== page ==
The proclamation referred to him being an unrelenting advocate for racial equality who faced many obstacles throughout his lifetime while just wanting to do for others by representing the United States in the Navy, coaching basketball and wanting to become a fireman, all the while facing racial injustices and harassment. He organized  a union for the Peekskill City School system’s custodians, was appointed to the Housing Authority and finally became a member of the City of Peekskill Fire Department in 1965.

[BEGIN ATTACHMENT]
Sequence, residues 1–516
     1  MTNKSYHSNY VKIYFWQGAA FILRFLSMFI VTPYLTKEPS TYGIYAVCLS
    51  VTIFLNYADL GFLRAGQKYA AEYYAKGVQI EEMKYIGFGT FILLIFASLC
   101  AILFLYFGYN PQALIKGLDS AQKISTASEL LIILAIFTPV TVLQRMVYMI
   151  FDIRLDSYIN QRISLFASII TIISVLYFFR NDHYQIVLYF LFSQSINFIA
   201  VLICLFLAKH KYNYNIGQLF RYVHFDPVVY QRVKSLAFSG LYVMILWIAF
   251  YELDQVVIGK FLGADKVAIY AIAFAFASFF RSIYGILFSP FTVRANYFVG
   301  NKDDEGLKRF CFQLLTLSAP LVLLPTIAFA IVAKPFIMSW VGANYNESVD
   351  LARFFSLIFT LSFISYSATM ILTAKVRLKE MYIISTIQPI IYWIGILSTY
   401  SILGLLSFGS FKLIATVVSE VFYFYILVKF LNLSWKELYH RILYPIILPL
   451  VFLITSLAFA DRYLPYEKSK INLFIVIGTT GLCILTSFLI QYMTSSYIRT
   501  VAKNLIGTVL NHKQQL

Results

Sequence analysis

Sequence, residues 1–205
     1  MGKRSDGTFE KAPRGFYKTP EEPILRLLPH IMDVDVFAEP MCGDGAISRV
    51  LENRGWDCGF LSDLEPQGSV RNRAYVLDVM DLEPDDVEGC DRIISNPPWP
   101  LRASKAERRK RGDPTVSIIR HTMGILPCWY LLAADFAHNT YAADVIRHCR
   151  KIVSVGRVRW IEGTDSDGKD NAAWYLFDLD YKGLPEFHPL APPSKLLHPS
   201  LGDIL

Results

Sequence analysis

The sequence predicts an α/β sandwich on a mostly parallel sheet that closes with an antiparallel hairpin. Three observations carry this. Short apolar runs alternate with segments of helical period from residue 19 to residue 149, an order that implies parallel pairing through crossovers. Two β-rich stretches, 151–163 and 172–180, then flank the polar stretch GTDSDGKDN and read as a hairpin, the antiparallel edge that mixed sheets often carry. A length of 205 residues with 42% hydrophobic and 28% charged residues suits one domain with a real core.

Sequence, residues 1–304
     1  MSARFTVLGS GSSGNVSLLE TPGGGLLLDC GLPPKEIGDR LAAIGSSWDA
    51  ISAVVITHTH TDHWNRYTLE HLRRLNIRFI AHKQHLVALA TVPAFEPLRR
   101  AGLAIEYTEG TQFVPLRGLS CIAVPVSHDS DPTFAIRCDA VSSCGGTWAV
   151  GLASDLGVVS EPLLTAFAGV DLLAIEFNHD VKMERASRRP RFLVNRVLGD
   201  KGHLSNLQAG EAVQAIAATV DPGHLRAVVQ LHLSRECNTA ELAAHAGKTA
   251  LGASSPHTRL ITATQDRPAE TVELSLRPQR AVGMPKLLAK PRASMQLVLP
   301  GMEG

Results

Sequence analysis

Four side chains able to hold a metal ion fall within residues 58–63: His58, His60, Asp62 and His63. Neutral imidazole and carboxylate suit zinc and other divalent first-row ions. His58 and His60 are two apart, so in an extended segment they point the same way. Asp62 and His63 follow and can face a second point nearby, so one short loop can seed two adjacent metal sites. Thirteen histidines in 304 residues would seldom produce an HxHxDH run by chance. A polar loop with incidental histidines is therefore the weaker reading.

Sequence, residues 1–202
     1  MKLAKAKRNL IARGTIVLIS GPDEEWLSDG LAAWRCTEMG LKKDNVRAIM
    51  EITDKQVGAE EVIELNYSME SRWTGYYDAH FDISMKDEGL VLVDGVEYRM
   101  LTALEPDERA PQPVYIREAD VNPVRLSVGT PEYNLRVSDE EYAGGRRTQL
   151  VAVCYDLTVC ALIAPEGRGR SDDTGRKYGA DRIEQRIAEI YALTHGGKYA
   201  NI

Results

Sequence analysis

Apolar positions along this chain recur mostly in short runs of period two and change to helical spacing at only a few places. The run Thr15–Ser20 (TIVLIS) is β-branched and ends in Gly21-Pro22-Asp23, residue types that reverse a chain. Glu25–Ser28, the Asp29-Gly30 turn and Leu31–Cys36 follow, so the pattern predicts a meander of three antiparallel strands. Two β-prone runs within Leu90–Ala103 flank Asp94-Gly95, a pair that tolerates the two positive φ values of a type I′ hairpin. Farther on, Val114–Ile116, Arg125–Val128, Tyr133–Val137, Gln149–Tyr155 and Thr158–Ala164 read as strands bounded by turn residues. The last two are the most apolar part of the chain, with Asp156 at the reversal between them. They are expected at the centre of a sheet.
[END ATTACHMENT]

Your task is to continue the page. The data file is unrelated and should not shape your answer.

Renee Smith holding the proclamation that honored her father, Coleman. (Photo by Regina Clarkin)

A trustee on the board of the Mt. Olivet Baptist Church, district leader for the Peekskill Democratic Committee and a lifetime member of the NAACP, received numerous accolades from many, including Senator Hillary Clinton, County Executive Andy Spano, Senator Vincent Liebell, State Assemblywoman Sandy Galef and Westchester County Board Legislator Bill Ryan.

Coleman Smith.  (Photo courtesy of Renee Smith)

His daughter Renee said her father never complained about the hardships he experienced trying to integrate the fire department and was quick to teach her to give back to the community.